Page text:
So I try to analyze the mood. You know, I put the feelers out there to see what the energy's like on set. You can tell what they need. Sometimes, like an hour before lunch, the stomachs start growling and they come to my table looking to hold themselves over. So I hit 'em up with some carbs. But later on, after lunch, when the director wants to pull out all the equipment for a huge set-up and everyone's dragging, I try to prepare something to give 'em the boost they need. It's just a matter of reading the energies. Some people can be picky though. There's always going to be one or two who try to be unsatisfied. I like watching them come to my table. They always have a sour look on their faces because I haven't prepared the right kind of veggies or I'm offering chicken salad on the crackers instead of tuna. But, that's what I'm talking about, dude. I love making people happy so I find out what they like and then, BOOM; I catch 'em later with their favorite cookie. It's not that hard but it IS an art form."
I also asked Jeff about the atmosphere at the Craft Services table:
"This is where it gets interesting, dude! My table is like the water cooler on the film set. Or sometimes, on the longer shoots, it can be like the local hangout. Like everyone's favorite dive bar. You know, they take a break and come to me for a drink and to rap about what's going on. And I hear ALL the gossip, all the good stuff. Like today I'm sitting here re-stocking my cooler and the lead singer of the band is laying his lame game on one of the dancers. And I mean LAME, dude. She was more interested in the bowl of M n' M's than his Steven Tyler wanna-be act. I wanted to scream, Dude…You're the lead singer of a rock band! Get a game, man. Pull out the moves. Come on! But he blew it. Anyway, people gather here and connect too. I see relationships being formed, like good friendships. And ideas! Oh man, great creative ideas. Don't forget, the film set is loaded with a bunch of artists. All these guys have cool new ideas and concepts of their own. Today it's this director's vision but tomorrow it's theirs. And I hear it all. I get to see it at the beginning stages. So, I keep it healthy and nourished."
Jeff went on to say that Craft Services isn't a job for the weak. Neither the weak minded nor the physically weak. There's a lot of equipment involved; tables, serving trays, coolers, and tons of food. He finds himself loading and unloading all day long. Sometimes it's in and out of a sound stage and other times it's up a big hill out in the desert. Wherever the location, though, he's always there prepared to keep the crew going. Dealing with the different attitudes on set can be quite an experience too. Like Jeff said, the film set is full of artists. Some are working through their own ideas in their heads while trying to give this particular job 100 percent. Altogether though, on any given day, there are close to a hundred people working very hard and trying to get along. And sometimes differences come up and tension flares. People like Jeff have to stay strong and step in with something to cool the situation off and keep the crew united.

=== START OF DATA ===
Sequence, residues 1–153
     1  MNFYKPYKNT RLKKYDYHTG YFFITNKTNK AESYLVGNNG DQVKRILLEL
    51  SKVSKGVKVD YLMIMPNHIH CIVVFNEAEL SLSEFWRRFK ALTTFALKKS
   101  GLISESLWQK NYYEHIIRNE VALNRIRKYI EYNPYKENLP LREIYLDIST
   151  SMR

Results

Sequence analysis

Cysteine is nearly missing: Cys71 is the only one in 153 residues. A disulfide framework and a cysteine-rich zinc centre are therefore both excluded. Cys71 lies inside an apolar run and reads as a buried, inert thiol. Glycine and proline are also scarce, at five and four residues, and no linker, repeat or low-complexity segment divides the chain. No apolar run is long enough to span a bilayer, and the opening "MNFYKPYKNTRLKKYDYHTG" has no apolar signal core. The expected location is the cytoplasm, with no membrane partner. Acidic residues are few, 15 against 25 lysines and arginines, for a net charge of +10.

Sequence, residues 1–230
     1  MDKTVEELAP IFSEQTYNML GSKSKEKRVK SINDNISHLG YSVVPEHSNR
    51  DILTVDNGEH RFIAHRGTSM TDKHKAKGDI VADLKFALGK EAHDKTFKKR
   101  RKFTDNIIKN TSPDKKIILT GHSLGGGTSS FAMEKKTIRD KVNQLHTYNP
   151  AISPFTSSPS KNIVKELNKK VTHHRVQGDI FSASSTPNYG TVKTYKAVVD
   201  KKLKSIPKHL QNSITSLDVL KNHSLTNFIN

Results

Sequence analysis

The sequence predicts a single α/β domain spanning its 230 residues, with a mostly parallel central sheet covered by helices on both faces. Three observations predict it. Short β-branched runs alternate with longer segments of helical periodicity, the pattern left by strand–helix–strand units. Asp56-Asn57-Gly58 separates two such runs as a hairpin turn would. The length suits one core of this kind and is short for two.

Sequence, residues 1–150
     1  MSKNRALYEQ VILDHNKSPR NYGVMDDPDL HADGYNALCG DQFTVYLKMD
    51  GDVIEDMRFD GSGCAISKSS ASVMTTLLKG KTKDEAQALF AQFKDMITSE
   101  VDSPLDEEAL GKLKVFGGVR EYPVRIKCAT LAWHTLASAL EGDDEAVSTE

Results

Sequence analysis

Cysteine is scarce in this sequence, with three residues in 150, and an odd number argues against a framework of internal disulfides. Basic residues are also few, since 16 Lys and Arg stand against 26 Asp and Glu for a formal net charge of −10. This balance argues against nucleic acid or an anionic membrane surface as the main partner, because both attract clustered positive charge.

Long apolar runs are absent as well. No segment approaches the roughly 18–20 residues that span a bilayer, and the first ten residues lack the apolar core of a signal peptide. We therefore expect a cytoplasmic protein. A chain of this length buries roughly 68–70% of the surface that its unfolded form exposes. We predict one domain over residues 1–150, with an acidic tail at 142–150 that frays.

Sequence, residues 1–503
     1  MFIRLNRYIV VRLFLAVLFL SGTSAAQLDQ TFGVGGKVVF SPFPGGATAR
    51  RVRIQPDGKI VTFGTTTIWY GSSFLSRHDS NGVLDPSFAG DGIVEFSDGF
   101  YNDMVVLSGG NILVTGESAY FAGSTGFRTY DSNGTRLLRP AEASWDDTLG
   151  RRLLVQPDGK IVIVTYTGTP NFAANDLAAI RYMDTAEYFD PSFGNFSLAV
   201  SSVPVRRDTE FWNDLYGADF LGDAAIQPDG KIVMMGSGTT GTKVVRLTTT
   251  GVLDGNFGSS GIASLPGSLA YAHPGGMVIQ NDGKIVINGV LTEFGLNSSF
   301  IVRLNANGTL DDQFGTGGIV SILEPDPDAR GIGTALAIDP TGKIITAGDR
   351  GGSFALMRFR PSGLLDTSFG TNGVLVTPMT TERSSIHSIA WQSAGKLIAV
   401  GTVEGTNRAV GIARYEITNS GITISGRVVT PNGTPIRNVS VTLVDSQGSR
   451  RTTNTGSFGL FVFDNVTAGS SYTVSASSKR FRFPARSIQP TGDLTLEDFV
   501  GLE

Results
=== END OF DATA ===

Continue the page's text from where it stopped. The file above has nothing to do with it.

Check out the website for the Craft Services union, which is shared with a few other departments including the Motion Picture Studio Grips, who are another breed of unbelievably hard working individuals. The union is the IATSE Local 80 and on their homepage they proudly describe themselves as this:
MEN AND WOMEN TOILING IN THE UNDERBELLY OF A BEAST TO MAKE ART, FOR THE ENJOYMENT OF CIVILIZED PEOPLE THE WORLD AROUND.
That certainly says a lot for people like Jeff who take their jobs seriously and commit themselves every day to seeing a creative vision come to fruition. It takes a big crew, a lot of muscle and a lot of talent to pull off a motion picture. And every department is just as important as the other. They all support each other like a family, a brotherhood. And Craft Services is a big part of the family, keeping them all healthy, happy and nourished.